Expecting a child can be one of the most anticipated moments of your life. But when you are expecting twins, you begin thinking in doubles. While stocking up on multiple cribs, clothes and diapers, you also need to think about doubling up on nutrients. "Women pregnant with multiples will need additional calories and nutrients to adequately meet their needs for healthy weight gain for the babies and the mother," says Vandana Sheth, a registered dietitian and nutrition educator in Los Angeles. "Women pregnant with multiples might also need more iron, folate, calcium, zinc and magnesium." While preparing for double the pleasure, stock up on some extra healthy munchies to help ensure your babies will be healthy on arrival.
As is true for all expectant mothers, folic acid is extremely important in decreasing the risk of neural-tube defects in twins, says Sharon Richter, a registered dietitian in New York City. "It is naturally found in many fruits and vegetables, such as oranges, but it is easily acquired through fortified breads, cereals and other grain-based products." Richter recommends 800 micrograms of folic acid daily.
If you're anticipating multiples, another dietary requirement necessary for healthy babies is protein. "Proteins serve as the building materials of body tissue," says Richter. "They also act as enzymes that regulate chemical reactions to keep a body growing and functioning." Beef up your daily intake of protein with lean meats, beans, eggs, chicken and soy-based products. Fish is also a solid choice of protein with the added benefits of omega-3 fatty acids -- however, Richter recommends consulting with a physician to determine the amount of fish you can safely consume.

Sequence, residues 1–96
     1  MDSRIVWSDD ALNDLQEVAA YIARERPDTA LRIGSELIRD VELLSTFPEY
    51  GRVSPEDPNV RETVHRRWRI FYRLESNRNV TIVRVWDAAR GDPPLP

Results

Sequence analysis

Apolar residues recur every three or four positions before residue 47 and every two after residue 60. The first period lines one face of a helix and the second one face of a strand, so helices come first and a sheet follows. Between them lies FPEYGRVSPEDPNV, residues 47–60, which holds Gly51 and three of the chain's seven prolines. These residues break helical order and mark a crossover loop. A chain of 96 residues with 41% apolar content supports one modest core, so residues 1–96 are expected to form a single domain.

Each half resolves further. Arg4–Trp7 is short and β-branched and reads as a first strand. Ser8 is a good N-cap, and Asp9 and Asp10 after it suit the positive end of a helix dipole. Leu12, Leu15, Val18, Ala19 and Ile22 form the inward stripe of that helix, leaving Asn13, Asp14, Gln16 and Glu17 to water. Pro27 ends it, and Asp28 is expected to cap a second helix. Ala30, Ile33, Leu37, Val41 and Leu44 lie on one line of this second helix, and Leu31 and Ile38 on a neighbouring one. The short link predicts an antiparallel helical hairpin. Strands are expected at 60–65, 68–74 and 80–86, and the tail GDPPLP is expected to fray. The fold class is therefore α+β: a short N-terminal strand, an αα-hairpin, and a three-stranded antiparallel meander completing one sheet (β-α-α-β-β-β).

When expecting twins, you'll need an extra dose of iron to keep your energy level high. "An increased supply of iron is needed for hemoglobin, the substance in red blood cells that binds oxygen for delivery to the tissues," says Richter. Combining iron with foods high in acid will help your body to absorb it easily. Toast to the day each morning with orange juice and yogurt while taking an iron supplement.
Although a prenatal vitamin is necessary for any type of pregnancy, additional fetuses require an increased need for all nutrients. A prenatal vitamin will help you boost your daily intake of zinc, copper, vitamin C and vitamin D, says Richter. Improve your intake of vitamin A by chomping on leafy greens and yellow-orange vegetables. Enrich your diet with foods that contain vitamin C, too, such as kiwis, mangoes, peppers and oranges. "A twin pregnancy needs at least one or two vitamin C-rich fruits or vegetables daily and at least four others," advises Richter.
Carrying twins takes double the effort when it comes to providing your body with the nutrients needed, but even though it is necessary to up your calorie intake, this doesn't mean you should waste those calories on sugary or fatty foods. "Pregnant women don't just need extra calories, they need extra nutrients, like protein, iron, folate, calcium, vitamin D and essential fatty acids as well, which means that those extra calories should come from healthy, nutrient-rich foods," says Rania Batayneh, a San Francisco-based nutritionist and author of "The 1:1:1 Diet."
Batayneh recommends stocking up on a rainbow of fruits and vegetables for vitamins, minerals and antioxidants; sweet potatoes for vitamins A and C, folate and fiber; Greek yogurt for protein and calcium; eggs and beans for quality protein; and whole grains for vitamin E, selenium and phytonutrients. Get a double dose of nutrients with a breakfast of scrambled eggs with spinach and whole grain toast or a healthy lunch of salmon over brown rice and steamed greens. Your daily diet will taste and feel refreshing for all three of you.
When consuming healthy foods and nutrients, mothers should focus on getting "adequate" amounts versus "extra" when pregnant with twins, warns Julie Matthews, a certified nutrition consultant in San Francisco. "This is where meeting the daily value is important, since if you do not consume enough, your body will pull it from your bones or other stores to get enough, and with twins, this could be very taxing on the body."